This opinion will be unpublished and
may not be cited except as provided by
Minn. Stat. § 480A.08, subd. 3 (2004).
STATE OF MINNESOTA
IN COURT OF APPEALS
Susan Bachand, et al.,
State Farm Automobile Insurance Company,
a foreign corporation,
Filed March 8, 2005
Polk County District Court
File No. C0-02-1717
Kenneth F. Johannson, Anne M. Rasmusson, Johannson, Rust, Yon, Stock & Rasmusson, P.A., 407 North Broadway, P.O. Box 605, Crookston, MN 56716 (for appellants)
Erik J. Askegaard, Askegaard, Robinson & Schweich, P.A., 206 North 7th Street, P.O. Box 826, Brainerd, MN 56401 (for respondent)
Considered and decided by Halbrooks, Presiding Judge, Huspeni, Judge,* and Crippen, Judge.*
Appellants Susan Bachand (Bachand) and Howard Bachand challenge the district court’s denial of their motion for JNOV or, in the alternative, a new trial. They contend that a jury verdict finding Bachand negligent and the driver not negligent in an automobile-pedestrian accident was contrary to the evidence, arguing that the driver was negligent as a matter of law because he failed to see what was in plain sight. Appellants also argue that even though the parties stipulated that only the liability issue would be submitted to the jury, the district court erred when it did not allow appellants to introduce evidence of Bachand’s injuries. Because the district court did not err in denying appellants’ motion, we affirm.
Appellant Susan Bachand was employed at a retail business that is located in the middle of a block on the west side of North Broadway in Crookston. North Broadway, which is also U.S. Highway 2 and 75, is a one-way street running generally north/south with three northbound travel lanes and parking on both sides of the street.
Bachand left work shortly after 5:30 p.m. on January 9, 2001. It was dark when she left and the sky was cloudy. Road conditions were wet with some slush and snow, particularly between the lanes. Bachand was wearing a hunter green coat and carrying a black purse and a manila folder of unknown color.
Because Bachand’s minivan was parked on the east side of North Broadway, she began to walk across the street toward her vehicle. Bachand testified that before entering the street she looked south for any oncoming traffic and saw no cars closer than 2 1/2 blocks away. Bachand crossed North Broadway near the middle of the block, between two intersections without traffic lights. There was a marked crosswalk at the intersection just to the north of where she crossed the street. When asked at trial whether she agreed that it was safer to cross in the crosswalk, Bachand responded, “Well, I’m not going to dispute that. Of course it’s safer.”
Bachand crossed the two western-most lanes without incident. As Bachand entered the east lane, she activated her vehicle’s remote door opener. An instant later, she was struck by a car driven by Greg Widseth. Bachand did not notice Widseth’s car until she saw the car’s lights a moment before impact.
Widseth had just left work and was on his way to pick up his daughter. He was traveling eastbound on 3rd Street and came to a stop sign at North Broadway. Widseth testified that he checked all directions and, seeing no pedestrians or vehicles, turned left into the western-most (left) lane of North Broadway. He acknowledged that he was aware of the fact that pedestrians sometimes crossed streets between intersections. Widseth testified that he planned to make a right turn from North Broadway and, knowing that the two western-most lanes of the street were “left turn only” a couple of blocks to the north, he began to change lanes. According to Widseth, after turning into the left lane of North Broadway, he “quickly checked [his] mirror, turned on [his] blinker, did a head check over [his] shoulder, [and] proceeded into the middle lane.” He then repeated the process to move into the right lane. After checking his blind spot the second time, Widseth stated that he turned his head back and, as he was moving into the right lane, “Ms. Bachand was right there.” Widseth observed Bachand only “a split second” before impact and, despite immediately stepping on the brakes, he was unable to avoid hitting her. At the time of impact, Widseth’s headlights were on, and he was traveling between 10 and 20 miles per hour.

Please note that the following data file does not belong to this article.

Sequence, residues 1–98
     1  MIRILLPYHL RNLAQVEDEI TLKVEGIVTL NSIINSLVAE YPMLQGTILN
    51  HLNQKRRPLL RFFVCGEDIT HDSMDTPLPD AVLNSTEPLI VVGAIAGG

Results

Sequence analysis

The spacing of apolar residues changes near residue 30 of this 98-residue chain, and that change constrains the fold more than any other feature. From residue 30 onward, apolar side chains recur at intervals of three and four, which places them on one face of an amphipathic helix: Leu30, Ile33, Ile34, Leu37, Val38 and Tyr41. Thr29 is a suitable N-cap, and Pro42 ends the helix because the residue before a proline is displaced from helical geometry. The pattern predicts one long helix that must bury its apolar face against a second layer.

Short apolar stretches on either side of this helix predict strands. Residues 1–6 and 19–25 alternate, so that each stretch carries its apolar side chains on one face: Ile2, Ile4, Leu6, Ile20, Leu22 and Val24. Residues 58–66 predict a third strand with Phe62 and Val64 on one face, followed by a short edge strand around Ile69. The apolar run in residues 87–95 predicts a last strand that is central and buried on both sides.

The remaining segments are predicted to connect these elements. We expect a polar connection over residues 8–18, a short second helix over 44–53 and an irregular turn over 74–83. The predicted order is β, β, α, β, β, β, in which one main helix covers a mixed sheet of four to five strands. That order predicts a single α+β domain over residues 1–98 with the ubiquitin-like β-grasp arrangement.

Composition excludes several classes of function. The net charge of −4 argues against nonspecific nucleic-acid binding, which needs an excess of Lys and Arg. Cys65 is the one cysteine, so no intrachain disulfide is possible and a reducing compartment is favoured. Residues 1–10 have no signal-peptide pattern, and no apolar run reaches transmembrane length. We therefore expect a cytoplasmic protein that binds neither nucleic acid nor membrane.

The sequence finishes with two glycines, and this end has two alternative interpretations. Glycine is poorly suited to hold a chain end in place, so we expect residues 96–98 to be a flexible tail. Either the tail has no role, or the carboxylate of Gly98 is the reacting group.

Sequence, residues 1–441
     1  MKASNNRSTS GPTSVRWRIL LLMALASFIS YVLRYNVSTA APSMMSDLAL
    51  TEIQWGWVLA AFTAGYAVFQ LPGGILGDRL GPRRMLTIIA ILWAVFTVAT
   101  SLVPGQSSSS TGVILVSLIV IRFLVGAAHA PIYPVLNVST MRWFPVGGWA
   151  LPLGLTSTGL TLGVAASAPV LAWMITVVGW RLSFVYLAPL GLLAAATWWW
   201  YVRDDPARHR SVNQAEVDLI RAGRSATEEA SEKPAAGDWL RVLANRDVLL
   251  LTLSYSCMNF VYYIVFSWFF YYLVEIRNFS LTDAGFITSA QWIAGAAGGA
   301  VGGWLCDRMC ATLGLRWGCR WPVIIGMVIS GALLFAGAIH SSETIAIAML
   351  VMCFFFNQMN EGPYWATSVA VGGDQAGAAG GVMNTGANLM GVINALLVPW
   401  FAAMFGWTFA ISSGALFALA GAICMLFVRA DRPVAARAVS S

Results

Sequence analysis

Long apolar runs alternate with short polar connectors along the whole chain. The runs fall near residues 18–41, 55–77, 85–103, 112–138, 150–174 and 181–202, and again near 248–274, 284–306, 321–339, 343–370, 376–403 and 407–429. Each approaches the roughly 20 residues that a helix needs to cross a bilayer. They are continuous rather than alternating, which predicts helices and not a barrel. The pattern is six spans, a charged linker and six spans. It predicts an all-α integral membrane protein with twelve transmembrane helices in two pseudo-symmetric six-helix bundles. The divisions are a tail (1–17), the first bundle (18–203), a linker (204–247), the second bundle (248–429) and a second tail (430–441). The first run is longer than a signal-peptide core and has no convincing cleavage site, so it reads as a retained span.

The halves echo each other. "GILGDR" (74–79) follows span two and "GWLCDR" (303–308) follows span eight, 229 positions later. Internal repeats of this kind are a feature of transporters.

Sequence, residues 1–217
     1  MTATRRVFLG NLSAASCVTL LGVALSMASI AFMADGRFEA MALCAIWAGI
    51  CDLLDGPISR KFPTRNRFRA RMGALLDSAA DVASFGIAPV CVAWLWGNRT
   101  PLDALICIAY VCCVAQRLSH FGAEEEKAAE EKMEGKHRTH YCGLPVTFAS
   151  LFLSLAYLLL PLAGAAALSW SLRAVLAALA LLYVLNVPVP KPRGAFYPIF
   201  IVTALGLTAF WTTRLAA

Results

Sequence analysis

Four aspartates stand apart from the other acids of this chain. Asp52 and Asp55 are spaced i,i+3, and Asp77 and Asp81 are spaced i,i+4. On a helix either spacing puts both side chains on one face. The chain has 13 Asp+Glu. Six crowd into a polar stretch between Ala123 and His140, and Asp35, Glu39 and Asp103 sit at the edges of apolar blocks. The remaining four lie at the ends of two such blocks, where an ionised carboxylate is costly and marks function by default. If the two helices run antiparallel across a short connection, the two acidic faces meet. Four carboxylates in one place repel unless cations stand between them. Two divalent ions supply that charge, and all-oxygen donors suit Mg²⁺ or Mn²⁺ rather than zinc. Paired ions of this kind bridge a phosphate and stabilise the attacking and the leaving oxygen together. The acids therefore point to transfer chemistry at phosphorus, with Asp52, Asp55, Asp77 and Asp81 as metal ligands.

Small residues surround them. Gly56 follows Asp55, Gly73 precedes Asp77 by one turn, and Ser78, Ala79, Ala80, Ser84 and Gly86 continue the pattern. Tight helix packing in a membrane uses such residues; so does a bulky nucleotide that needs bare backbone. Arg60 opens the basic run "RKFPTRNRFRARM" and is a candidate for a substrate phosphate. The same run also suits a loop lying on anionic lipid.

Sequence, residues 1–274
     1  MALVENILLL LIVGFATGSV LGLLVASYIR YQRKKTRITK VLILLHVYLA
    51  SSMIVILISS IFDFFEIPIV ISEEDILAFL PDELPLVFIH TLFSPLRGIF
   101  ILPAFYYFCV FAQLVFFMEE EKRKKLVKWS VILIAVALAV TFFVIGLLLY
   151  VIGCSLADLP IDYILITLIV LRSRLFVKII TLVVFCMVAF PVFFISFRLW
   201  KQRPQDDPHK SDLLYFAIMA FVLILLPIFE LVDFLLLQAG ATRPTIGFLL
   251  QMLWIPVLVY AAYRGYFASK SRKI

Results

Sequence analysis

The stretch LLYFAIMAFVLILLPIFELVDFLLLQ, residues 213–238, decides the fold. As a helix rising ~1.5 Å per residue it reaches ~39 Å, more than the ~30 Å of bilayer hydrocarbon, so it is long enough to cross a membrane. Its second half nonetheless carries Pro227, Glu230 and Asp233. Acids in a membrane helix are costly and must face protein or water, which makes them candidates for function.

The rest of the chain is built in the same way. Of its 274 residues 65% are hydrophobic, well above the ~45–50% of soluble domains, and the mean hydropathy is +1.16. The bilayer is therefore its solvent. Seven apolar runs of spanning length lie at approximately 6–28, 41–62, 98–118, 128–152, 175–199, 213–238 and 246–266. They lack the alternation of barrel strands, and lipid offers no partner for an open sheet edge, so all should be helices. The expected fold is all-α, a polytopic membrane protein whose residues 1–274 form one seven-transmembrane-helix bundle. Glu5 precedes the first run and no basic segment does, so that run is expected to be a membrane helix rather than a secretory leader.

The streetlights were illuminated at the time of the accident, but there was conflicting testimony regarding the level of lighting. Craig Larson, who observed the “tail end” of the collision, testified that the lighting was “[l]ike it is most every other evening[,]” and that he could see objects plainly. Likewise, William Boutwell, the first police officer on the scene, noted that the street was well-illuminated when he arrived. But he also stated that the lights are activated by some type of timing device and that when the lights first come on “they’re real dim, kind of like dull yellow, and then they get brighter.” Auxiliary police officer Cynthia Kucera, who was riding with Boutwell, testified that the lighting conditions were “[a]dequate.” On the other hand, Shawn Rominski, the investigating state trooper, testified that, although the streetlights were working, “it was not very good lighting,” and that he needed to use his flashlight to properly see the controls on his camera.
Bachand settled her claim against Widseth for $100,000, the limit of Widseth’s liability insurance. Bachand then filed an underinsured motorist (UIM) claim against respondent State Farm Automobile Insurance Company. The parties stipulated that the case would be submitted to a jury on the issue of liability only. Pursuant to the agreement, if the jury found that the negligence of Bachand was equal to or less than the negligence of Widseth, respondent would pay Bachand the UIM policy limit of $100,000.